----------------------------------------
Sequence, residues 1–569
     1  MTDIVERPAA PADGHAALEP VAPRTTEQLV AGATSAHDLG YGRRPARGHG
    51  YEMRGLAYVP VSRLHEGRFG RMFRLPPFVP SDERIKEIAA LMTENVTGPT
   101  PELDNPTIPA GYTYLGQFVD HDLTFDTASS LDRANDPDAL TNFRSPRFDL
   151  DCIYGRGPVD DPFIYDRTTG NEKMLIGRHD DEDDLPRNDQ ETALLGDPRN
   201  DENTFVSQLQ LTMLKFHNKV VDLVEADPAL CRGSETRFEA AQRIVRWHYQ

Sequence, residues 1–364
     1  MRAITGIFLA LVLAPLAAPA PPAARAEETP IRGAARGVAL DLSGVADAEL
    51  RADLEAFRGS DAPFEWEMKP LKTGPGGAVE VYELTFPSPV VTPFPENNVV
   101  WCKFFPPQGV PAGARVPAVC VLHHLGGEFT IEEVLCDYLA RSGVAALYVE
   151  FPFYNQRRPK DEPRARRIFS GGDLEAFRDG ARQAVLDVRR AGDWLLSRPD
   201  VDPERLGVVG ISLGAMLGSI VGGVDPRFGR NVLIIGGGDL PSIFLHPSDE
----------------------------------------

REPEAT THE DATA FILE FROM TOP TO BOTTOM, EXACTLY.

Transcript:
Sequence, residues 1–569
     1  MTDIVERPAA PADGHAALEP VAPRTTEQLV AGATSAHDLG YGRRPARGHG
    51  YEMRGLAYVP VSRLHEGRFG RMFRLPPFVP SDERIKEIAA LMTENVTGPT
   101  PELDNPTIPA GYTYLGQFVD HDLTFDTASS LDRANDPDAL TNFRSPRFDL
   151  DCIYGRGPVD DPFIYDRTTG NEKMLIGRHD DEDDLPRNDQ ETALLGDPRN
   201  DENTFVSQLQ LTMLKFHNKV VDLVEADPAL CRGSETRFEA AQRIVRWHYQ

Sequence, residues 1–364
     1  MRAITGIFLA LVLAPLAAPA PPAARAEETP IRGAARGVAL DLSGVADAEL
    51  RADLEAFRGS DAPFEWEMKP LKTGPGGAVE VYELTFPSPV VTPFPENNVV
   101  WCKFFPPQGV PAGARVPAVC VLHHLGGEFT IEEVLCDYLA RSGVAALYVE
   151  FPFYNQRRPK DEPRARRIFS GGDLEAFRDG ARQAVLDVRR AGDWLLSRPD
   201  VDPERLGVVG ISLGAMLGSI VGGVDPRFGR NVLIIGGGDL PSIFLHPSDE